22 May 2019

An Evening with Compton Verney

Thank you to everyone who attended our evening talk on Thursday. We thoroughly enjoyed learning more about Compton Verney's redesigned galleries and collection origins.

Our special thanks go out to Annelise Hone, Compton Verney's Collection Manager, for a inspiring presentation; Fran from Wyld Cookery for creating our delicious canapes; Josyane for designing another unique gallery installation, Don Grant for being in charge of the bar, and to Florence & Ilse for making the evening come together.




08 May 2019

The House & Garden Top 100 Interior Designers

We’re properly honoured to be included in the H&G 2019 Top 100. Huge thanks are due to Sharon, Flo, Ilse and Don, our Riviere Interiors team, for their dedication, loyalty, skills and attention to detail and to our valued clients who invest their trust and confidence in us to work, (and play), in their homes and workplaces.

All our design work is collaborative and nothing could be achieved without the skilled craftspeople, artisans and suppliers who turn ideas into reality.
Many thanks also to Hatta Byng, Liz Elliot and all at House and Garden UK for raising the profile and recognition of Interior Designers who represent such a wide cross section of styles, (including the odd little niche partnership!). It is exciting and rewarding to be selected again, alongside such talented and inspiring designers.

01 May 2019

Exhibition of Antique Folk Art 2019

Our Annual Exhibition will take place at our Battersea Gallery from 10th-18th May, with the Preview opening on Thursday 9th May, 11-6pm

The illustrated Exhibition Catalogue is now available, at a cost of £10 inclusive of P&P. Please contact us if you would like to receive a hard copy, or if you would like to be added to our Mailing List to be notified about future events.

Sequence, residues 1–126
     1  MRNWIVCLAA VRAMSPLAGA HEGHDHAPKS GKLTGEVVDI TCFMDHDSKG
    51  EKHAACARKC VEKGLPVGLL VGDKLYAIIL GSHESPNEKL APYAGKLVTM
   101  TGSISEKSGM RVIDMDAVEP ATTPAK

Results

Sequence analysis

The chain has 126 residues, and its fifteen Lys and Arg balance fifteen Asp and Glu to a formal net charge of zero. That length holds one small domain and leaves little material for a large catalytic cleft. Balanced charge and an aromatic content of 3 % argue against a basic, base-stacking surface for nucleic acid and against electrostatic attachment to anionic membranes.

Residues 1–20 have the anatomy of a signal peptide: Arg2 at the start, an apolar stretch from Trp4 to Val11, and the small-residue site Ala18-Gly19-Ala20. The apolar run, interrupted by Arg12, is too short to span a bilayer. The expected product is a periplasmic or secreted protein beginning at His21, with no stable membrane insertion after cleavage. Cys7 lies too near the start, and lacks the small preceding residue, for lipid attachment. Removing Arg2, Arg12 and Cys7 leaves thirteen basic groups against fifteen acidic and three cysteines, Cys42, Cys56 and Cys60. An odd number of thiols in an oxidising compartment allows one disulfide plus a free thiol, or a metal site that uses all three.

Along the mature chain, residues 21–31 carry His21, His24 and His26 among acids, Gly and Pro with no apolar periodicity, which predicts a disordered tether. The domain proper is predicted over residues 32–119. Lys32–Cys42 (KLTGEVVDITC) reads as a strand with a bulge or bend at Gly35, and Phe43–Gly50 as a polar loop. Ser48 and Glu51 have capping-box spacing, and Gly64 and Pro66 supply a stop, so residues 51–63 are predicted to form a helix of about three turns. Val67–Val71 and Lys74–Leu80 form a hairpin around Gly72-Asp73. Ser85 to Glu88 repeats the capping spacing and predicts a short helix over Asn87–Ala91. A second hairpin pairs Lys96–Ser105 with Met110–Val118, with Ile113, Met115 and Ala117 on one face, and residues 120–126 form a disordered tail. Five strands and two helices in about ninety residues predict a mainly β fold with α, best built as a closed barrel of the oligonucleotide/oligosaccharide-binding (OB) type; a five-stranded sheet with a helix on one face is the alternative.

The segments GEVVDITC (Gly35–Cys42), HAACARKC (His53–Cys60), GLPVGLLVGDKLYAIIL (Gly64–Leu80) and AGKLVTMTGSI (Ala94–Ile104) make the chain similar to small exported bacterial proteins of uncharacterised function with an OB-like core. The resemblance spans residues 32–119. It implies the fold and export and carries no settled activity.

The digital e-Catalogue #54, for the 2019 Exhibition is scheduled to be distributed to our full mailing list next Wednesday 10th May.


15 April 2019

Easter Opening Hours

A reminder to everyone that we will be closed on Good Friday and Easter Monday but open as usual on Saturday 20th April (9:30am - 4:30pm)

All of us at Robert Young Antiques (including the Delft Bunny) hope you have an enjoyable and very Happy Easter break!



04 April 2019

An Evening with Compton Verney

Simply Folk Art

(Limited space available, booking on a ‘first-come first-served’ basis)

Thursday 16th May, 6.30 pm - 8.30 pm.

We are delighted to announce that we will be hosting an evening talk with Annelise Hone, Collections Manager at Compton Verney, home of the nation’s largest public collection of antique British Folk Art.

Having recognised a growth of interest in the popularity of the genre, the museum was inspired to successfully apply for funding to renovate their Folk Art Galleries, completed in 2018, with the express ambition of increasing the understanding and knowledge of their diverse collection.

Annelise will be discussing the growing interest and popularity of Folk Art, the newly curated Galleries and the developing recognition of Folk Art, whilst highlighting selected works and the narrative surrounding them. 

The evening at Robert Young Antiques has been planned to coincide with our 20th Annual Exhibition of Antique Folk Art and will be hosted at our Battersea Gallery. The talk is scheduled to last for about an hour, followed by an informal Q&A and discussion.

Guests will be offered complimentary drinks. Admission is free but a small optional donation to Compton Verney would be much appreciated.







22 February 2019



Further to our previous explorations into what makes pieces interesting or special, we have been encouraged to continue our “Closer Look” initiative and share our insight into what differentiates the works we select from other perfectly genuine, yet somehow ordinary examples.

This chest of two short and three long drawers, dates from the first decade of the C18th and is a curious hybrid, which more than in part contributes to its overall rarity and appeal.

It has a solid mortice and tenon, peg jointed carcass and drawer linings which run from front to back, a construction typical of the late C17th. However, the delightful shallow depth, the graduated drawers, the detail of the moulding cut into the solid rails surounding each drawer and the fielded or “block moulded” drawer-fronts, indicate that it is of slightly later date.

It has a fine thin plank top, which is enhanced by the bold applied moulding to the underside of the overhang, lending it a stylish “architectural” form which is complimented by the applied moulding beneath the bottom drawer and on the side returns. Together these “frame” the drawers in a pleasing fashion, which is further enhanced by the unusually tall “straight through” stile feet. These are simply extensions of the uprights and integral to the construction, yet lend a lightness and elegance to the chest.